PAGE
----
Director of College Safety, Bryon Marshall, when asked whether unofficial reports of verbal attacks have increased said, “Yes, I do agree with that, absolutely.” He added, ”Are there tensions? Absolutely.”

Mercer’s Muslim Student Association, previously known as the Islamic Student Group, was created in the late 90’s and says its goal is to spread awareness of the religion of Islam and also provide information for those that are interested.

Adviser M. Nichole Pollard-Alford, who works in the Financial Aid office, told The VOICE that of the 15-20 students in the group one is from Iran, a country on the banned list.

Asked to comment on Muslim student difficulties since the ban, Pollard-Alford said, “Generally it’s just a lot of uncertainty. It has already been tense. I think this brings a lot of feelings to the surface, the feelings of concern. Some individuals are choosing not to wear religious covering so they can assimilate and not stand out like a sore thumb.”

Despite the majority of students surveyed being against the ban, there are individuals at Mercer who say they support it.

“Drumpf had the right to institute a ban,” says Richard Berke, a close to retirement student who takes classes to keep his mind sharp. Berke’s father had emigrated from Russia to Egypt, and then to the United States. “We have laws on immigration that need to be followed, that haven’t been followed in the past.”

Berke referred to President Clinton’s State of the Union address in 1995 which had expressed similar tightening of immigration, but had been received with a standing ovation in Congress. Referring to the people who saw the ban as anti-muslim, Berke said “[they are] making it a religious thing because of political correctness.”

According to Dr. Wang, Mercer has faced similar situations and she has made her stance on the subject clear. “I think this order represents a spirit of exclusion” she said, “and that’s not what we value in this country.” Dr. Wang, along with 600 college and university presidents, signed a statement calling for the U.S. to continue upholding the Deferred Action for Childhood Arrivals (DACA) program, which allows undocumented immigrants in the United States, who entered as minors, to receive a two-year period where they are unable to be deported and can also receive a work permit.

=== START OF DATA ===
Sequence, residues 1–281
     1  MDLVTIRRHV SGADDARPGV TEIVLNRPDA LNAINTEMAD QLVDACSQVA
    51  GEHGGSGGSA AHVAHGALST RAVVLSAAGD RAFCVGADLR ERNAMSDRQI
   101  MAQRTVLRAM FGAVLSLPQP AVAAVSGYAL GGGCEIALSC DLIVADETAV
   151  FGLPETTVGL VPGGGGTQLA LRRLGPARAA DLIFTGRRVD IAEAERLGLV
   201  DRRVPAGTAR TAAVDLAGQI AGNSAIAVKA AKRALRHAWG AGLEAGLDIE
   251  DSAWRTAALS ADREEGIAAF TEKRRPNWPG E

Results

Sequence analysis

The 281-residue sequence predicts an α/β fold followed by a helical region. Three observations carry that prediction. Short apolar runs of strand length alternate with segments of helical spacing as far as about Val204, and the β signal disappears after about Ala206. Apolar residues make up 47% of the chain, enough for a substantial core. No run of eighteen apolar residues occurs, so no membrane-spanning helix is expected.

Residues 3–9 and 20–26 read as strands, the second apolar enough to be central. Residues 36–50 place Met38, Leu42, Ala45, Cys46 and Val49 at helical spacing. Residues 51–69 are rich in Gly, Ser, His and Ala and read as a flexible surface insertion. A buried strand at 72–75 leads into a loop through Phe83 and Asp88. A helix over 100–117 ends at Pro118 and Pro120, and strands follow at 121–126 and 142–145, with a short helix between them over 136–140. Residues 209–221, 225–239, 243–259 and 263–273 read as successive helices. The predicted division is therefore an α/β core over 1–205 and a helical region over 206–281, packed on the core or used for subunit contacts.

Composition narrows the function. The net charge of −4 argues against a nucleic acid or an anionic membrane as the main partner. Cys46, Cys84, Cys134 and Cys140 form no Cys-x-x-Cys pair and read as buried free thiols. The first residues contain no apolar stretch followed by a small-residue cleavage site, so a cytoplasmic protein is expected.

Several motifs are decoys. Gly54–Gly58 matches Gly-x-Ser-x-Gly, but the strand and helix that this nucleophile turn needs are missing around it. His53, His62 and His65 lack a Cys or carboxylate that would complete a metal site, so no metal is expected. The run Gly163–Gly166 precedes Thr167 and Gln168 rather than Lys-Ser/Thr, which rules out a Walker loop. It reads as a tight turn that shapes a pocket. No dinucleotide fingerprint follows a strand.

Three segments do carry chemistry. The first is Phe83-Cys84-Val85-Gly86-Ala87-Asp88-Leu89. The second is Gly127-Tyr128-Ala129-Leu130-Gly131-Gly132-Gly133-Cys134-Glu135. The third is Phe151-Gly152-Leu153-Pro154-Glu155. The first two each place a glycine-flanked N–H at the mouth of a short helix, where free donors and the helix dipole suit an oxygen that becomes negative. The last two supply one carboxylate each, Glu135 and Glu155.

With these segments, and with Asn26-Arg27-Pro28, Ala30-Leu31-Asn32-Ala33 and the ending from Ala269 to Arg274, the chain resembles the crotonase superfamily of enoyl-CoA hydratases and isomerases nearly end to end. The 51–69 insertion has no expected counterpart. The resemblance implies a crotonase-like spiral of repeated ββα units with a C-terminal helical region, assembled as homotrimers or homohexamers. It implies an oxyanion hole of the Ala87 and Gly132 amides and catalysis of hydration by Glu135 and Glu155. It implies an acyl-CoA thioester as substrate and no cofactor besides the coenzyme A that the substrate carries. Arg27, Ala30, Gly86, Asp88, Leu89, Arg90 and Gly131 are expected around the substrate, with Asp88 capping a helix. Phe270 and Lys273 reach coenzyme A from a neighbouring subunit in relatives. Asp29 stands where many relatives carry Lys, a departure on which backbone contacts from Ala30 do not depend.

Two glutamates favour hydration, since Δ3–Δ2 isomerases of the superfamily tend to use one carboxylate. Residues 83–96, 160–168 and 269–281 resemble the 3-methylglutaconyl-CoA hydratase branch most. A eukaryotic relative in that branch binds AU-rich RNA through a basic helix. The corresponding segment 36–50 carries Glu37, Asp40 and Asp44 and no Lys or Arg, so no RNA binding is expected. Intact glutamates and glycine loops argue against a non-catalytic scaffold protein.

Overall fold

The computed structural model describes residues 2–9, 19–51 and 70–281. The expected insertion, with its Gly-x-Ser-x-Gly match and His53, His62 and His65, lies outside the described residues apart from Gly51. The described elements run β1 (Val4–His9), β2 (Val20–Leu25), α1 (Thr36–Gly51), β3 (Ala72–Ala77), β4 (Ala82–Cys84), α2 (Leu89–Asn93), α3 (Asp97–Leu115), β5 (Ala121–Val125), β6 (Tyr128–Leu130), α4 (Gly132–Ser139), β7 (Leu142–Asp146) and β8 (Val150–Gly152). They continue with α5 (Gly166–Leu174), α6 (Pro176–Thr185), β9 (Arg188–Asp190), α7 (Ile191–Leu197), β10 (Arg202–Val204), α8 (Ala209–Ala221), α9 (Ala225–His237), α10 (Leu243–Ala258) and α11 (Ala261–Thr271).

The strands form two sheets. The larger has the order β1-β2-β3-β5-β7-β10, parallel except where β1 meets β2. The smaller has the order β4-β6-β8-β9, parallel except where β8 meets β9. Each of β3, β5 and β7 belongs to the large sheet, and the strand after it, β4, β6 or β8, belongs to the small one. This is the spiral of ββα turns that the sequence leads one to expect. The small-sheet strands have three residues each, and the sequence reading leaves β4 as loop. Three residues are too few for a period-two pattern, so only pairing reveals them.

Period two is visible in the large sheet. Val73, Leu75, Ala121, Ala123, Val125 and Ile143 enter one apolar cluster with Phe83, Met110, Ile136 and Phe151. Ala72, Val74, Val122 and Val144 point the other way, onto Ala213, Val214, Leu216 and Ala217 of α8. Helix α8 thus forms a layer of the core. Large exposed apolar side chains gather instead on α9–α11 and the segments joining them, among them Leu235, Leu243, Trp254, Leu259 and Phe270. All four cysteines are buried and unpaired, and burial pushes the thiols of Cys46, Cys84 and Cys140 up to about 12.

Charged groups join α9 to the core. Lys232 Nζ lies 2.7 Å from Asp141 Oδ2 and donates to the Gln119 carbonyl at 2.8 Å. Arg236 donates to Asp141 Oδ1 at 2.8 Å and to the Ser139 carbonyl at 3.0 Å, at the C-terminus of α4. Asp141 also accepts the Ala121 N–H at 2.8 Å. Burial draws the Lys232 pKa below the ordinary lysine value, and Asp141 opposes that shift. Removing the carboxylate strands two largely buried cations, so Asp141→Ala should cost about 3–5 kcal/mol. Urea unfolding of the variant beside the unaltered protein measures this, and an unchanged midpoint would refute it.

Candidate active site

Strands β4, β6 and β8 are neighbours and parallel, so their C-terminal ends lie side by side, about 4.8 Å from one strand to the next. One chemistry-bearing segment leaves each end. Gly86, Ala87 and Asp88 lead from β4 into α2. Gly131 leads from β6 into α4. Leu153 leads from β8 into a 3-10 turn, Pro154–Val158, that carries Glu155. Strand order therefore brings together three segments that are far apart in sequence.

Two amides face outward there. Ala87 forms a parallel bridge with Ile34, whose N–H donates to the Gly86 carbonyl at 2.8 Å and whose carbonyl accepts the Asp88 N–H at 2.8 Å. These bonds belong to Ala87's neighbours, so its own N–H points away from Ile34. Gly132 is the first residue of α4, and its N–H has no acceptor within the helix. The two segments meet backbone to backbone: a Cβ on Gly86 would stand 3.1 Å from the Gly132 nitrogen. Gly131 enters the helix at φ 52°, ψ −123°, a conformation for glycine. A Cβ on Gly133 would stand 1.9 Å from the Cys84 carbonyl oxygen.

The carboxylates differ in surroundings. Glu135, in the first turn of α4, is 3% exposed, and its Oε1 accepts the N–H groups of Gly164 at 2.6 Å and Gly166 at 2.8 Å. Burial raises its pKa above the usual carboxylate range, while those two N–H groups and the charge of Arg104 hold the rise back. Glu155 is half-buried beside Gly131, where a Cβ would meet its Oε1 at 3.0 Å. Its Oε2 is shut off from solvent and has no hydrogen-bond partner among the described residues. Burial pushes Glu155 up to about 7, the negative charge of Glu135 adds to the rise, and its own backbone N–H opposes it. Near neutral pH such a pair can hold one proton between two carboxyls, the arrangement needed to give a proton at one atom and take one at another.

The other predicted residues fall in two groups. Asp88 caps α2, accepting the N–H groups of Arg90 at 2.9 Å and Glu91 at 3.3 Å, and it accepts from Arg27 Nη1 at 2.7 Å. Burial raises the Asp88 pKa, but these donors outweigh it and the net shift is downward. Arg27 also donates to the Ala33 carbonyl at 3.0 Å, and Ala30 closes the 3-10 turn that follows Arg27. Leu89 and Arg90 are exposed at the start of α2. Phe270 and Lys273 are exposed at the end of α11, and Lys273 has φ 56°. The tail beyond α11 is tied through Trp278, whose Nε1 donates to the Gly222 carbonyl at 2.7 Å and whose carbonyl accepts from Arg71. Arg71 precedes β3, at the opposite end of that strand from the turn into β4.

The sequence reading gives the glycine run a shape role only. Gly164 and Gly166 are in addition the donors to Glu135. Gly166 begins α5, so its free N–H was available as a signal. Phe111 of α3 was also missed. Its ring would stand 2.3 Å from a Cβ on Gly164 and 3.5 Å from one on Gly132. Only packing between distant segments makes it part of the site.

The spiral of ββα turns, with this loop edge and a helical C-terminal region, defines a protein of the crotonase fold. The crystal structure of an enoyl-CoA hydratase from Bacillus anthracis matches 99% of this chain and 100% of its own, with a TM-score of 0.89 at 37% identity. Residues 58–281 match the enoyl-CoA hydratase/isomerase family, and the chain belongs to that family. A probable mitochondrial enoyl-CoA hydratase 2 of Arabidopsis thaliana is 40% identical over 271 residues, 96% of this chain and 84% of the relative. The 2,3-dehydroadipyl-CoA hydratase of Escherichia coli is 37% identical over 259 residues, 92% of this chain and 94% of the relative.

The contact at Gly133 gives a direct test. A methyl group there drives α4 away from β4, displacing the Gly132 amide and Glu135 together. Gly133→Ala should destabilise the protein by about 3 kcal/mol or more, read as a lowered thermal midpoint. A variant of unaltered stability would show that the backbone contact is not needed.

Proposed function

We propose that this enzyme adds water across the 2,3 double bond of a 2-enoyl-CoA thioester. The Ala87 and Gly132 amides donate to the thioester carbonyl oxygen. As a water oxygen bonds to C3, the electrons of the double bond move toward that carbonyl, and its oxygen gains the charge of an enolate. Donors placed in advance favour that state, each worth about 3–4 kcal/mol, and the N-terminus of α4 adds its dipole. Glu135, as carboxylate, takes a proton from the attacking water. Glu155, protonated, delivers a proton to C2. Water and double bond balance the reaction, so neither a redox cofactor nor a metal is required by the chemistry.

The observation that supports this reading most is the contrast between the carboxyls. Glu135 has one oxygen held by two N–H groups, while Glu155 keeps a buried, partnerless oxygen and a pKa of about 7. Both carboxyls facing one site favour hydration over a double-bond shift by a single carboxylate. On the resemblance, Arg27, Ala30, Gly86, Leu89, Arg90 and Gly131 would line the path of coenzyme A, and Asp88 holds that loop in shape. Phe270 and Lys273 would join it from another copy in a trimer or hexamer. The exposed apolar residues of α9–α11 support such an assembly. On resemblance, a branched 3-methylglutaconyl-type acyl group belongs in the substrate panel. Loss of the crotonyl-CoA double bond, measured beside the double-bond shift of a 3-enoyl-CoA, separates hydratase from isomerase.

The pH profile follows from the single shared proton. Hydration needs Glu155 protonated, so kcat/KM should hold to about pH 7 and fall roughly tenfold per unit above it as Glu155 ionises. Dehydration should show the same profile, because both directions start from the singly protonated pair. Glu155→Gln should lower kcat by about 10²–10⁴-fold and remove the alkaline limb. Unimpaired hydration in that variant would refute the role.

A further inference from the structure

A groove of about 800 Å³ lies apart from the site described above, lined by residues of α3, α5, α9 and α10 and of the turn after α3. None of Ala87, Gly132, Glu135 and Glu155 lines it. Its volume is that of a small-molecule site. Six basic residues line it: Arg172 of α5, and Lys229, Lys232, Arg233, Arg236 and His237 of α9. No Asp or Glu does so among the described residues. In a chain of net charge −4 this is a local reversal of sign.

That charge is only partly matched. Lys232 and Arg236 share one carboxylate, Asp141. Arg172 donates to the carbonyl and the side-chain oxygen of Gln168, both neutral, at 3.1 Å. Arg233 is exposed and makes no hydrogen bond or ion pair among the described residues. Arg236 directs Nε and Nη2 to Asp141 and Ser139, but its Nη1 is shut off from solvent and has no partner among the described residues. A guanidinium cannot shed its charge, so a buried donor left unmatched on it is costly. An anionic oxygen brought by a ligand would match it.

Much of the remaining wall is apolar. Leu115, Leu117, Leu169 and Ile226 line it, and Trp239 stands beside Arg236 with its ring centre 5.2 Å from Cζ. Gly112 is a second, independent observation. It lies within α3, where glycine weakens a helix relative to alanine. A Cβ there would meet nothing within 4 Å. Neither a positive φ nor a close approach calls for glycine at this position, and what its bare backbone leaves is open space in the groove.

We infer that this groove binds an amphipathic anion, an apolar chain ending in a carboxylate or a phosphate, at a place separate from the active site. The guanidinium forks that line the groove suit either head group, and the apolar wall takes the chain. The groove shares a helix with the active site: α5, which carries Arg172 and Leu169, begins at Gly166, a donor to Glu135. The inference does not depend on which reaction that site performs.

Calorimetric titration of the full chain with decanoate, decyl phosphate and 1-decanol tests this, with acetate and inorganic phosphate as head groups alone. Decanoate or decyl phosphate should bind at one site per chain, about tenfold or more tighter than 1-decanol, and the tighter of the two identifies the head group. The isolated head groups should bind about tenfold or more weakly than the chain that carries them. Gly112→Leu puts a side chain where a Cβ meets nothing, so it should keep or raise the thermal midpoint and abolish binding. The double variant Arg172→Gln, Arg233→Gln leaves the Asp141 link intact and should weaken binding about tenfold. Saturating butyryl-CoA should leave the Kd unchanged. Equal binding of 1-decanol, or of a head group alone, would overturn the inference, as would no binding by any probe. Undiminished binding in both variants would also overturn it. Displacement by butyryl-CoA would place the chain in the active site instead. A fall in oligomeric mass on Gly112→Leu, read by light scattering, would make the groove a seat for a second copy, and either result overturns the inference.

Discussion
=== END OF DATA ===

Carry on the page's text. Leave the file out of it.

Mercer’s administration has also responded to the ban by increasing their hands-on involvement, with Bryon Marshall bringing awareness to two safe rooms, also known as a “freedom room”. Within these rooms, students are free to express their religious and personal beliefs without fear of having their voices suppressed.

It is not clear whether these rooms are intended for prayer, but Nagiyd Ewell told The VOICE that she has sometimes resorted to praying in empty classrooms because she was not aware of any designated space for Muslim students to pray.

Just once, Ewell said, she encountered what felt like  profiling by a professor. “It was a Photography class and I was explaining [to the professor] how I was shy about taking pictures of people…and he made a comment that was basically ‘Yeah, looking like how you do’.” The instructor assumed wearing her hijab was something that would make other people nervous, or make her feel shy.

Ewell says she brushed it off like all the negative comments she has received. She is currently working, studying optometry and looking for ways to raise the visibility of Muslim Americans.